One of the ideas that come up again and again in apocalyptic fiction is that a small group of surviving people might be able to save humankind by repopulating the earth. A study of mammoth DNA shows how this concept could easily be a nightmare. Mammoths died out in most of the world between 10 and 15 thousand years ago, due to hunting, environmental changes, or both. However, mammoths survived for a few thousand more years isolated on Wrangel Island and St. Paul island, both having favorable environments and no humans. Each had a relatively small number of mammoths that became quite inbred over time, and they eventually went extinct. A genome study of a Wrangel Island mammoth, compared with continental mammoths and with elephants, may tell us why.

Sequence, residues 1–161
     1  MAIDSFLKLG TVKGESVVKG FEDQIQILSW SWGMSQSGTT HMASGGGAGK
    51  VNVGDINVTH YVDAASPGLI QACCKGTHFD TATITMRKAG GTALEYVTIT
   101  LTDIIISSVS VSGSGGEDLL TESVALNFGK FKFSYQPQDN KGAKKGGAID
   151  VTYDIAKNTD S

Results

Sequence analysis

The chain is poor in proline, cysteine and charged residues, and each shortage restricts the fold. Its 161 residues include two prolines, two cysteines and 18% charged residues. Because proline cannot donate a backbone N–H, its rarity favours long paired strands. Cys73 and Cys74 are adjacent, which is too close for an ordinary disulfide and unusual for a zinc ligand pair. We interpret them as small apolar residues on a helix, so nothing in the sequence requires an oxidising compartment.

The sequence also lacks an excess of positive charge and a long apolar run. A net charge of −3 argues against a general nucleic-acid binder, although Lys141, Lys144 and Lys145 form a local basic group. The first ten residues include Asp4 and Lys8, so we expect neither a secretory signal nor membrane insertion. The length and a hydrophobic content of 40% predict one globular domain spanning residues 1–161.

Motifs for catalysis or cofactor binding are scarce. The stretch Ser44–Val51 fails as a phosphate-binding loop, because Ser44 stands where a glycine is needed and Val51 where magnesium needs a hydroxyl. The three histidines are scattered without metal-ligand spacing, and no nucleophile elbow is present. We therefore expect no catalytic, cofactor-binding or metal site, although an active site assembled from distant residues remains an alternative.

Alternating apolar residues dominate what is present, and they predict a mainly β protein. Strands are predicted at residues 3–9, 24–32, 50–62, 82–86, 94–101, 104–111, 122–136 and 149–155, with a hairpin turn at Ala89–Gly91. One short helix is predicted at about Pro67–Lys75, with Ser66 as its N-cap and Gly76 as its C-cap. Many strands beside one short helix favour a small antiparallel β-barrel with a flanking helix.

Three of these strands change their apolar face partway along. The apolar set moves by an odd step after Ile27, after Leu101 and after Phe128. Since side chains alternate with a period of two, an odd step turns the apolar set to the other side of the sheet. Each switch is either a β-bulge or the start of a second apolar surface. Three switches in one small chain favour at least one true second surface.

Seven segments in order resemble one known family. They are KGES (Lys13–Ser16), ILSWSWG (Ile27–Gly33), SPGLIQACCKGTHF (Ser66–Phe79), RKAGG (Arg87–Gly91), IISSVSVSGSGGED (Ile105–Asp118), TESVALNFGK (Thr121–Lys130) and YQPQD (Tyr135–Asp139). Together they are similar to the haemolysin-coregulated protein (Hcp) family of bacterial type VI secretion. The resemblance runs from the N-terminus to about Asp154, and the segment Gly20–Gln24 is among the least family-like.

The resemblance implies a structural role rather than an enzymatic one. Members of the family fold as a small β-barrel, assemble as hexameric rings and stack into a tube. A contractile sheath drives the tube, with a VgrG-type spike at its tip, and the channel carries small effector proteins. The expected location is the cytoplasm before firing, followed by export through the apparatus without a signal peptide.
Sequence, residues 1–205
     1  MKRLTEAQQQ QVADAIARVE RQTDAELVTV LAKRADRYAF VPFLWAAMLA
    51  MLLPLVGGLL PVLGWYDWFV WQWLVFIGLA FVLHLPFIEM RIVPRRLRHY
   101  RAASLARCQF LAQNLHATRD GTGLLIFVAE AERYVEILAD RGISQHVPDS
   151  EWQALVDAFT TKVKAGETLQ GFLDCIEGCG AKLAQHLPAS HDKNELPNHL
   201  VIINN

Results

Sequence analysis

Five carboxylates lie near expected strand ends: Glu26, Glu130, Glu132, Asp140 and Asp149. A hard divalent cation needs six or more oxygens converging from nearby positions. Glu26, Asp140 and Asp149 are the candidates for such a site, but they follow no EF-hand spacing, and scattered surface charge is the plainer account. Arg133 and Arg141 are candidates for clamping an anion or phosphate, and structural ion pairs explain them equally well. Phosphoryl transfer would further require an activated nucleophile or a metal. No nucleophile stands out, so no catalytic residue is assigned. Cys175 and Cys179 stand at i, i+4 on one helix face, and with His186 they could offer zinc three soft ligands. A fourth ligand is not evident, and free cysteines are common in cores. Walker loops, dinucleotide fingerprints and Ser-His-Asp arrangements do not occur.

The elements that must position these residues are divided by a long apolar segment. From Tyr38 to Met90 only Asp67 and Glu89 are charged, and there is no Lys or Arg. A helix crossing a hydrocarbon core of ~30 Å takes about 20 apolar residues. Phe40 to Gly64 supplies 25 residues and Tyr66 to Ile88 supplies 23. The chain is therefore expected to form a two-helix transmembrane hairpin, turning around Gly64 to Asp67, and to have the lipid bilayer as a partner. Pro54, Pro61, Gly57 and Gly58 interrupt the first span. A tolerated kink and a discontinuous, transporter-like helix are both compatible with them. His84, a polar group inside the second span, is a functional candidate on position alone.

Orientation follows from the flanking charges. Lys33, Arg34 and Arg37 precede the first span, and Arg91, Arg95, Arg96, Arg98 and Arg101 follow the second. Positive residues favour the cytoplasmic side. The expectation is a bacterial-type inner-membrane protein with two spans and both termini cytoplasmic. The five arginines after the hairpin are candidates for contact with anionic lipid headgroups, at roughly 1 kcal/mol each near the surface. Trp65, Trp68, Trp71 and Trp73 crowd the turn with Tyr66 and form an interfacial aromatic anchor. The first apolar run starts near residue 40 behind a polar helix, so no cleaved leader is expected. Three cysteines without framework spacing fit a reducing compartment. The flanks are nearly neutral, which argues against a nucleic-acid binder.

The scientists identified several “deleterious mutations that are predicted to cause diverse behavioral and developmental defects,” wrote the authors in the study. These included disruptions to genes associated with neurological developmental defects (including a dangerous condition known as hydrolethalus syndrome), diabetes, reduced male fertility, and strangely, an inability to “detect floral scents,” according to the paper. In other words, this Wrangell mammoth had lost the ability to smell the flowers.